Here’s how to do it.

Negotiating a Job Offer is the #1 Way Employees Build Wealth at a Publicly-Traded Company Like Salesforce

The best time to leverage your compensation? Before it’s been set. If you’re going into an interview or looking at a new position at Salesforce, know what to expect to put yourself in a stronger position to negotiate a better package.

You should expect the company to have a well-defined salary range for your position — but that range could be much broader than you expect.

For example, the bottom tier salary for your offer might be $140,000. The top could be up to $180,000. Or the bottom might be $200,000, and the top could reach $280,000.

The point? Don’t be afraid to ask for more in your negotiations.

And remember that companies like Salesforce are often more flexible with restricted stock units (or RSUs) than with specific salary numbers. If you hit a wall in asking for more salary, countering by asking for more RSU can be a great way to go.


Leverage Your Salesforce Employee Benefits to Your Advantage

You should also keep in mind that your salary is only one part of your compensation. Your great Salesforce employee benefits can play a huge role in making it easier to grow wealth.

Specifically, you’ll want to plan to take advantage of these benefits:

  1. A health savings account, (HSA)
  2. Your 401(k)
  3. An employee stock purchase plan (ESPP)
  4. Restricted stock units

Let’s take a look at each.

A Health Savings Account: Tax-Free Contributions, Earnings, & Withdrawals

Salesforce will help fund your HSA as part of your employee benefits at the company.

HSAs are a massively tax-advantaged accounts that can help you manage healthcare costs. Contributions are tax-free, earnings are tax-free, and withdrawals are tax-free (assuming you only use this money for qualified health expenses; otherwise you lose tax advantages).

Ideally, you’ll pay for all your healthcare expenses during your working years from your cash flow while contributing to your HSA (and investing those funds appropriately within the account). Then, you can give your contributions decades to earn returns and build wealth, just like other retirement plans.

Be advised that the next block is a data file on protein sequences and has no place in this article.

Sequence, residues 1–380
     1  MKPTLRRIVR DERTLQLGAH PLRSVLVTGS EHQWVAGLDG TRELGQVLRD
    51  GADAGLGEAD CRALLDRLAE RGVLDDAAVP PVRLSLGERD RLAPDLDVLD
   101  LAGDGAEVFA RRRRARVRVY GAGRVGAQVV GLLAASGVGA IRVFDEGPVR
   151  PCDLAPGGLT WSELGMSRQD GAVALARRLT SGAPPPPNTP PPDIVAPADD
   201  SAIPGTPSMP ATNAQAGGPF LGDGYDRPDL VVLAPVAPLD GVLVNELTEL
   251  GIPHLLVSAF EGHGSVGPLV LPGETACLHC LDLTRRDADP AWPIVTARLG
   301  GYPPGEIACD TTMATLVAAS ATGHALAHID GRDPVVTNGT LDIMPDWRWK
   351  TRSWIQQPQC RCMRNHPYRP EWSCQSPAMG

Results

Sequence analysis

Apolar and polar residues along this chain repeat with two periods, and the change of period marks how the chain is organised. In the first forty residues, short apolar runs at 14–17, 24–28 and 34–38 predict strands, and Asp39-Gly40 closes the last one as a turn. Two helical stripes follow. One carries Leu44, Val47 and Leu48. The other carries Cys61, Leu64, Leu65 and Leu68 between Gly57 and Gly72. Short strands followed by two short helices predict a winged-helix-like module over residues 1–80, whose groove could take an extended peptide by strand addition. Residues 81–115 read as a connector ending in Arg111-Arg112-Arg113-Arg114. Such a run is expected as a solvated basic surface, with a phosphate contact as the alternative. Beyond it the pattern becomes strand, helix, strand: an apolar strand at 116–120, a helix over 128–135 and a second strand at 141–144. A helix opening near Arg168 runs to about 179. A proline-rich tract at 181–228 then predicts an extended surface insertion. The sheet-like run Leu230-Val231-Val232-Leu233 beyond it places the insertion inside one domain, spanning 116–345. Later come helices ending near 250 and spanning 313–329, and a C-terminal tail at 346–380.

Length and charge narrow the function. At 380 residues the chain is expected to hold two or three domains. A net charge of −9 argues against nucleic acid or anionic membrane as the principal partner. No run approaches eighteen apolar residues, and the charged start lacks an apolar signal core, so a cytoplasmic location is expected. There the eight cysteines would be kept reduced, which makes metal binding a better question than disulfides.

Finally, when you actually retire, you can look at your HSA as a healthcare-specific nest egg to help you fund what is likely going to be your biggest cost as you age.

Assuming your income puts you in the top tax bracket of 37% income tax and you file as single, you max HSA contribution is $3,450 per year which gives you a tax savings of $1,277. Your actual, after-tax contribution is only $2,173.

If you file jointly, your maximum contribution each year caps out at $6,900 and you can enjoy a tax savings of $2,553. That makes your actual after-tax cost of contribution $4,347. In the top tax bracket of 37%, this is a great deal — and it can get better.

Remember, you have the ability to invest your HSA dollars. That means you get the immediate tax deduction, plus the ability to receive tax-free investment growth because Salesforce offers great investment options including low-cost options from Vanguard.

Keep in mind HSAs work best when you have limited, ongoing medical needs. If you have regular, recurring medical expenses, you’ll need to do an in-depth analysis of the costs versus benefits to determine if the HSA will work for you.

Your 401(k): A Major Way Employees Build Wealth

Salesforce offers a 401(k) plan through Fidelity. As a Salesforce employee, you get two contribution options:

  1. Pre-tax
  2. Roth

We almost always recommend pre-tax to get the deduction now. You can always do a Roth conversion later.

The power of the pre-tax 401(k) is similar to your HSA. You get the immediate tax savings. With a max contribution of $18,500, that tax savings can be as high as $6,845 (higher still if you consider state and local income taxes).